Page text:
I am from lower Louisiana, and I grew up in the sole of the boot, just southwest and across the Mississippi River from New Orleans. The place was called Bridge City, though it wasn’t a city at all. We had no mayor, sheriff, or city limits. What we did have was the ”foot” of the Huey P. Long (Okay Allen) Bridge, and fifteen white shell roads. Early in the 1950’s these roads were like bleached ribs in the bright southern sunshine, curved slightly to the sternum of the Old Spanish Trail. They were attached to the backbone of the Old River Road, which laid snug against the base of the levee.
The houses in Bridge City did not spring into being ”full grown” from floor plans. They struggled up over the years, from one room shacks wrapped in tar paper. They were perched high on cement blocks, to avoid the gentle ebb and flow of below sea level flooding. As children were born, new rooms were grudgingly added. Because I was the fourth and last “live birth” in my family, our house stopped at five rooms. As I grew and acquired ”hand me down” clothes and shoes from older girl cousins, so our house got weather-board siding, white paint, and eventually, a slate roof.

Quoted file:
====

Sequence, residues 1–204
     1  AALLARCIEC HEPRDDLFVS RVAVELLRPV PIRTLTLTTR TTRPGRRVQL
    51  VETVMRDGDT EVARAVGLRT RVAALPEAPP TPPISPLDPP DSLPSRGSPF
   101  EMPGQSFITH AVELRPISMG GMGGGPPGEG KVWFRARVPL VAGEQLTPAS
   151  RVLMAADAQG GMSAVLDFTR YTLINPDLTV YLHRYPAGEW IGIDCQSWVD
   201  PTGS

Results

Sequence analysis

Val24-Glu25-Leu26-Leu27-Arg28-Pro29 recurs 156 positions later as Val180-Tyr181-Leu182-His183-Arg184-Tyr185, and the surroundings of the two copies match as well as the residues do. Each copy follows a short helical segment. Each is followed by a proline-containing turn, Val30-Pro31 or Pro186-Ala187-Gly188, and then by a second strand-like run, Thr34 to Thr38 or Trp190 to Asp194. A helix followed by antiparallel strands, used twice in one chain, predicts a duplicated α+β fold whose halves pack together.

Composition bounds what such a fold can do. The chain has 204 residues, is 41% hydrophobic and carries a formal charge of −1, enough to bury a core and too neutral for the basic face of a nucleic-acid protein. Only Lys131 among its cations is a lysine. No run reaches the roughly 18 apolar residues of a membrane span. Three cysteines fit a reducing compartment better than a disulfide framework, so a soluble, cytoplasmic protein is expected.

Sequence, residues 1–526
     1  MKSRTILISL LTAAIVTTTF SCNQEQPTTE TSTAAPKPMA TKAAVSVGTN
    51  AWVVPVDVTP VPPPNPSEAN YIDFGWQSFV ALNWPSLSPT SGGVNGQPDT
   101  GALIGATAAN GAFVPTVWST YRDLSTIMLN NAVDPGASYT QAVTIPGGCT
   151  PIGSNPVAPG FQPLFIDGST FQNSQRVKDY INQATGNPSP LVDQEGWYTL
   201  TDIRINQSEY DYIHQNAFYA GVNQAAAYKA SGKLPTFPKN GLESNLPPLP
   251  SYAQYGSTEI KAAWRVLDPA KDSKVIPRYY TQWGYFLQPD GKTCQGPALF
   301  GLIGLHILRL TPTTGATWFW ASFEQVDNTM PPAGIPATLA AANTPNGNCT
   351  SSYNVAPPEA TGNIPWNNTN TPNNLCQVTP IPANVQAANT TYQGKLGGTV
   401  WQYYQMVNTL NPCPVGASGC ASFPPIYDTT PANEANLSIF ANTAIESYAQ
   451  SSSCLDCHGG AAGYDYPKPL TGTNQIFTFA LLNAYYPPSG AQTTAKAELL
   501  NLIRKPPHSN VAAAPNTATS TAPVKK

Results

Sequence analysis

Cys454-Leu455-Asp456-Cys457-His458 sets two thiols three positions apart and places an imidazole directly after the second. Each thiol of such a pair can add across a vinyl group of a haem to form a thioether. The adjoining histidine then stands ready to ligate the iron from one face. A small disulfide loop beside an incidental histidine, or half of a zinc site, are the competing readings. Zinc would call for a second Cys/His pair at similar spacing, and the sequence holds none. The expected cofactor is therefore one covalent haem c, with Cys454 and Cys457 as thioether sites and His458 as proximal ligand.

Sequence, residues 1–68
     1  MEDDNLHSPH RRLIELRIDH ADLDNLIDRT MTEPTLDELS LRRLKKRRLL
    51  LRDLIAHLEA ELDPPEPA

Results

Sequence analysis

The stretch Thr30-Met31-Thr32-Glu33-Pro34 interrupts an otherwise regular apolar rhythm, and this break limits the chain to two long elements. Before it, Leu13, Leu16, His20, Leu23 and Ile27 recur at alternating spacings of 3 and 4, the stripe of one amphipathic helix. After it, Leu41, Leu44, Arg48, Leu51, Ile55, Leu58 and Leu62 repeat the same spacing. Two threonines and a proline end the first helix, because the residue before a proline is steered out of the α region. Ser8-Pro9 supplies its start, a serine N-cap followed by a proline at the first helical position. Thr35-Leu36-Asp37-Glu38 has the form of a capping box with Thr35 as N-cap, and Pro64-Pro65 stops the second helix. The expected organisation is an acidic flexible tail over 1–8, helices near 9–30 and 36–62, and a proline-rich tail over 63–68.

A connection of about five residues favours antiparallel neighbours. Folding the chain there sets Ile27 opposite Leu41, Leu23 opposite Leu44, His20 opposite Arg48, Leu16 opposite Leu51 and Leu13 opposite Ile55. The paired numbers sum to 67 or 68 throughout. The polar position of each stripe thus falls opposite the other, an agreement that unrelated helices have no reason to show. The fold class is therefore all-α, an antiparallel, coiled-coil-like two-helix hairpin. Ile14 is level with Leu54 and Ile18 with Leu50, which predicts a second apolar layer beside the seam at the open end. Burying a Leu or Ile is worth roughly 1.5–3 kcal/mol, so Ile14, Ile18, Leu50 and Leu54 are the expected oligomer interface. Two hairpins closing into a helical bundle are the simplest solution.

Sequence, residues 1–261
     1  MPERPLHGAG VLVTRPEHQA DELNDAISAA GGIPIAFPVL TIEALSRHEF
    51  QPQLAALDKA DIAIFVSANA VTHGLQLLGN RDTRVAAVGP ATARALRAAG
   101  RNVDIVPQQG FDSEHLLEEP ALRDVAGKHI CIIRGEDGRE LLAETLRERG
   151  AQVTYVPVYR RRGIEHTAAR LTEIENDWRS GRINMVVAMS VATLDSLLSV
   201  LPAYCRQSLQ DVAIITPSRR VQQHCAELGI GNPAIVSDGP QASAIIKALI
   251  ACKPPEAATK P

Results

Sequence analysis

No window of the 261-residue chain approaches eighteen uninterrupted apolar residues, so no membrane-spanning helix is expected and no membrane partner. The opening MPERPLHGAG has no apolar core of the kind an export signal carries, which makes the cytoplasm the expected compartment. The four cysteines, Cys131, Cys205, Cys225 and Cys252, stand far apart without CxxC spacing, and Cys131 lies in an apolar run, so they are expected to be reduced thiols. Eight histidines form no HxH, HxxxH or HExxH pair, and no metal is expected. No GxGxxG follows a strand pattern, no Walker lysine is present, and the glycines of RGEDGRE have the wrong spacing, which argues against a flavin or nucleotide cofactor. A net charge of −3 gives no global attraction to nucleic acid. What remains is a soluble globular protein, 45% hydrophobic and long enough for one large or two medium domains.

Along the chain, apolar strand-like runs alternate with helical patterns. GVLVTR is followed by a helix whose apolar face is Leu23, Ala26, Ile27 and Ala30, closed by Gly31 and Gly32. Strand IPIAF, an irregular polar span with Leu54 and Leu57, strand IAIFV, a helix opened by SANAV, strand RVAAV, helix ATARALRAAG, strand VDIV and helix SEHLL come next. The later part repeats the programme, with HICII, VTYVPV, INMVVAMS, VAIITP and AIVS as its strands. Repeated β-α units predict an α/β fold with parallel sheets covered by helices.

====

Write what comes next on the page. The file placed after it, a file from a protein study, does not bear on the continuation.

My brothers and I arrived at least a decade apart. The oldest was seventeen in the winter of 1953, when I was born. My ”middle brother” was fifteen, and my youngest brother was ten. They were always coming and going in the background of my life. Eventually, they kept going. I was twelve when the last one moved out, yet I had somehow always been an ”only child.” As the youngest of the lot, and the only girl, I was ”daddy’s little princess.” I was allowed freedoms my brothers never dreamed of. A favorite saying of my daddy’s was ”What the baby wants, the baby gets.” It was good, being the baby.